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Jordi Visser, president and chief investment officer at Weiss Multi-Strategy Advisers, joins the podcast to discuss his reasons for optimism during this trying time for global financial markets.
The environment is constructive for risk assets (2:26);
Focus has moved from inflation. Investors are too negative (3:50);
The Fed is raising interest rates. Inflation is coming down — a lot faster than people think (4:41);
What sectors and why? (9:53);
No, you don’t need unemployment to increase for inflation to come down (13:22);
The bullish case for biotech (15:12);
The blockchain will have profound impact on labor markets (19:42);
Background on the guest (25:13);
Clean energy and how that fits in (29:14);
Oil should move higher, but watch out for global trade (36:47);
Web 3.0 and cryptocurrencies: here too there are reasons to be bullish (39:48);
Beta has started to outperform profitability. A final reason to be optimistic (51:45).
The following is an amended version of the Aug. 29 Daily Contrarian. This briefing and accompanying podcast are released to premium subscribers each market day morning by 0700. To subscribe, visit our Substack.
Stocks sold off precipitously on Friday after comments from Fed Chair Jerome Powell at the Jackson Hole Symposium. Powell laid down the gauntlet on interest rates, saying the Fed was determined to keep raising them until inflation was under control. It turned into an ugly day, with the Nasdaq down almost 4%, S&P 500 declining 3.4%, and Dow Industrials by 3%.
European Energy Crisis
As you may know, energy prices have shot up throughout the continent. This is taking its toll on consumers, which will have an effect on corporations especially as the weather turns colder. Apparently 25% of the S&P 500 earnings come from Europe. There has been a lot of drama on Twitter about this, which leads one to believe it may turn out to be nothing.
The negative headlines are certainly coming fast and furious over this. No less an authority than Foreign Policy (hardly a click bait factory, at least not historically) informs us the crisis is worse than we think. Austria’s largest energy supplier has apparently become insolvent. You figure they won’t be the last. The crisis is apparently affecting glass production as well.
All the Sturm und Drang (German term loosely translated as ‘mad drama) aside, the situation in Europe absolutely bears watching.
Remember that stocks and bonds very rarely sell off at the same time for very long. Eventually the cash that is generated needs to be put to work somewhere, even if it is in the relative safety of bonds. But with the Fed’s course (apparently) set “for some time” that is not very palatable right now. It will be interesting to see how these next couple of days play out in that regard.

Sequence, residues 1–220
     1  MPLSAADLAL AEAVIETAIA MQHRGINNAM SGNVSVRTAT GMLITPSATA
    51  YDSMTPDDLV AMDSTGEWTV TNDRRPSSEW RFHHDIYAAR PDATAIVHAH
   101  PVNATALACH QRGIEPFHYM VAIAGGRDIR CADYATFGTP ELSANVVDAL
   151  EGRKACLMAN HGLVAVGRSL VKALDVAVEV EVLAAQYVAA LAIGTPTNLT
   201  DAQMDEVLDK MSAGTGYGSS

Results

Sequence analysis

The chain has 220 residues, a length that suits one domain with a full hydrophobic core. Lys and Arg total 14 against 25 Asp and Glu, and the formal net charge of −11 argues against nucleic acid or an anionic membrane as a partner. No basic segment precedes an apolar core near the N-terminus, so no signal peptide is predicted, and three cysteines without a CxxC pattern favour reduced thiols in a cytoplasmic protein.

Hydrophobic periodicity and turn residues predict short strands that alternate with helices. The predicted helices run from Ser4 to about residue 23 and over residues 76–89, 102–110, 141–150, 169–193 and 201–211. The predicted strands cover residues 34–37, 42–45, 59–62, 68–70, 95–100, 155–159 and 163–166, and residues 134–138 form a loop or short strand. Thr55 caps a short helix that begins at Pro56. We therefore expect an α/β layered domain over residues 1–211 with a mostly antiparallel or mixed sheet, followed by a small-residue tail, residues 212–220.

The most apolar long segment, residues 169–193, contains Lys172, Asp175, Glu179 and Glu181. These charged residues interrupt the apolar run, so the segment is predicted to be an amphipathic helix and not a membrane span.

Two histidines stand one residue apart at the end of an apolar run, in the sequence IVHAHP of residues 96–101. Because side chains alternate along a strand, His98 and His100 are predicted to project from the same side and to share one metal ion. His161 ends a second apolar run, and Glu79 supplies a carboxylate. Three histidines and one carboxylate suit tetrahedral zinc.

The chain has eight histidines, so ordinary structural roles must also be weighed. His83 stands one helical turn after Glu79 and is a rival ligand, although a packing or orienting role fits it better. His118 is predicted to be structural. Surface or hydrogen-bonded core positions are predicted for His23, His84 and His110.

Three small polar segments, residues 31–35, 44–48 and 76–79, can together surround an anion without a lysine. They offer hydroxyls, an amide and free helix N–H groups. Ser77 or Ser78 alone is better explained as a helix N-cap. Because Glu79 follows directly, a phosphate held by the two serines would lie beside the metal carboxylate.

Where Powell is concerned, it doesn’t look like we have any choice but to take him at his word for now. His comments on Friday clearly answered the question whether he was speaking for Fed interest rate policy at at the last FOMC meeting (he wasn’t) or just shooting off his mouth (he was). The market is playing along so far, at least judging by Friday.
The interest rate hikes have yet to be felt in much of the economy. In the U.S., malls, restaurants, shopping centers, and airports are crowded AF. Highways are clogged with traffic. The labor market is strong (we’ll find out on Friday how strong with the next round of non-farm payrolls). There are some indications that this is starting to turn, but you still have to go looking for these indications — they aren’t exactly jumping out at you.
Hugh Hendry is a man who needs no introduction to contrarians. Over the course of this 90-minute conversation, he provided many views on markets, the economy, the Federal Reserve, China, and a lot more. Of particular interest to investors are his bullish views on commodities, oil producers, and luxury goods makers…
Hendry’s most contrarian opinion right off the bat: The Fed is not responsible for the asset price bubble (2:40);
“We find ourselves in the fourth depression of the last 200 years” after “les miserables” period of 1830 to ~1855, 1870 to the late 1890s, and the 1930s (8:11);
“I don’t think we have inflation.” Sales of non-discretionary items are not increasing (13:53);
Very few people understand money and money creation. What are they missing? (28:56);
What’s behind the stock market rally this summer? It may be commodities, at least in part… (39:49);
Markets are ‘bucking broncos.’ Volatility can be a major distraction and nothing happens in a straight line. But commodity producers and uranium should be in good shape over the long term (46:55);
Background on the guest. As an ‘OG contrarian’ Hendry joins an exclusive list (54:58);
A little insight into Hendry’s current life and psychology (1:10:40);
Betting on the Chinese yuan weakening (1:14:37);
The odds of the 10-year treasury making new lows (1:22:44);
China invading Taiwan? Hendry sets the odds at 20% and says China will never have a stronger bargaining positioning vis-a-vis the U.S (1:24:16).